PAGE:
Given the challenge of finding opportunities that meet his criteria, Hatcher says that he has added only one new name to the portfolio recently. The newcomer is  SAP SE (SAP), a global software producer based in Germany. The company, says Hatcher, specializes in enterprise resource planning, used widely by the manufacturing sector. "It is mission-critical software and SAP is a dominant player in this area."

SAP offers ongoing support to its customers and charges them an annual maintenance fee. "This ensures that it has recurring revenue," says Hatcher. "Companies with significant recurring revenue and long-term cash-flow visibility are the focus of our tech investments, rather than those companies that rely on fast product-upgrade cycles."

Hatcher reports that while adding SAP to the portfolio, he sold a long-standing holding in  Oracle Corp. (ORCL). "I am concerned about the company's ability to successfully transition its business to Cloud services, which is a crowded field, and competition is stiff." By contrast, he says, SAP has greater visibility when it comes to revenue and cash-flow growth.

 Microsoft Corp. (MSFT) remains a core holding in Trimark Fund, says Hatcher. Its dominant product continues to be Microsoft Office. But the company is branching out in the field of people-based information and communication, he says. "Witness its purchase of professional networking site LinkedIn and of communications-platform Skype."

A Brazilian company geared to the payments system in which Hatcher increased the fund's weighting is Cielo SA, which is classified as a technology company. Cielo provides merchant, payment processing and credit- and debit-card services. "Cielo's customers are local merchants, he notes. "Its products and services allow them to accept Visa and Mastercard among other cards."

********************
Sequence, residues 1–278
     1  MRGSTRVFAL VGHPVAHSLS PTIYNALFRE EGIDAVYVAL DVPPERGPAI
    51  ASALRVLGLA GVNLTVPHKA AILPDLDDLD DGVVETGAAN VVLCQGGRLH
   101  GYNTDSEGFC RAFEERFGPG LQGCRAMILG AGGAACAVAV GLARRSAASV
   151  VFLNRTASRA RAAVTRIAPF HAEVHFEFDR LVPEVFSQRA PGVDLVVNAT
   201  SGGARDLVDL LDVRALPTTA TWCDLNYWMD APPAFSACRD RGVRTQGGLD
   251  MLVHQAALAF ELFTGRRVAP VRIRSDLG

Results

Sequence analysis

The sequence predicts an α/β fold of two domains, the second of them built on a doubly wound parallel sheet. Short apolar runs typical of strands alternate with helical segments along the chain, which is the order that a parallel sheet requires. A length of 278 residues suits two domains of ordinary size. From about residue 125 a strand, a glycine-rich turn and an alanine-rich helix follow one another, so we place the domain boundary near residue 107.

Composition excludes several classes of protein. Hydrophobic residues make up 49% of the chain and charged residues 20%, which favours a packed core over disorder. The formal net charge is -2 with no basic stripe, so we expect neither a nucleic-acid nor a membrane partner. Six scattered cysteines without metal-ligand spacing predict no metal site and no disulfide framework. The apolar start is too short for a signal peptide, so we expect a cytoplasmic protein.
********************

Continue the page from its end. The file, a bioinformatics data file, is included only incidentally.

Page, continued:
Visa Inc. (V), also classified as a technology company, is the largest holding in Trimark Fund. The company has a dominant brand and considerable scope to expand, Hatcher says, "even in the developed markets." Consumers around the world, he says, are increasingly using card payments instead of cash and cheques. "This augurs well for secular growth in the credit-card business." Also, he notes that Visa is integrating its technology into next-generation digital-payment products.

Microsoft Corp.SAP SEVisa Inc.
June 5 close$72.28$108.24$96.55
52-week high/low$72.89-$48.04$108.72-$71.39$96.59-$73.25
Market cap$558.0 billion$129.1 billion$222.6 billion
Total % return 1Y*42.535.021.6
Total % return 3Y*22.914.022.8
Total % return 5Y*22.415.528.3
*As of June 5, 2017. All figures in U.S. dollars
Source: Morningstar

Hatcher points out that Visa and  Mastercard Inc. (MA) form a strong duopoly globally in an industry where there are high barriers to entry. About a year ago, Visa increased its geographic reach by acquiring Visa Europe, which was previously owned by member banks in the region. "This acquisition is producing greater economies of scale for the combined company and providing improved technology and better pricing power for Visa in Europe." Visa, he says, has stated that it is on track with the integration of Visa Europe. Visa's stock, he says, is not cheap, "but the strong visibility of revenue growth over the next decade validates the valuation."

Consumer-staples stocks around the globe have done well and valuations are "healthy," says Hatcher. Trimark Fund's biggest holding in this sector is the brewing giant  Anheuser-Busch InBev SA/NV (BUD). Last fall, Anheuser-Busch completed the acquisition of another global brewer, SABMiller PLC, which had its origins in South Africa more than a century ago. "The combined company will reap economies of scale and have a significant share of the beer market in both the developed and the developing world," says Hatcher.

Another top-10 holding in Trimark Fund in the drinks business is China's Kweichow Moutai Co. Ltd., which makes the Moutai liquor series, a popular drink domestically. "In 2012, the company suffered from China's introduction of its anti-corruption laws, as Kweichow Moutai's products had been served widely at state functions and these new laws limited this business," says Hatcher. "In 2016, we initiated a position in the stock, which was then out of favour."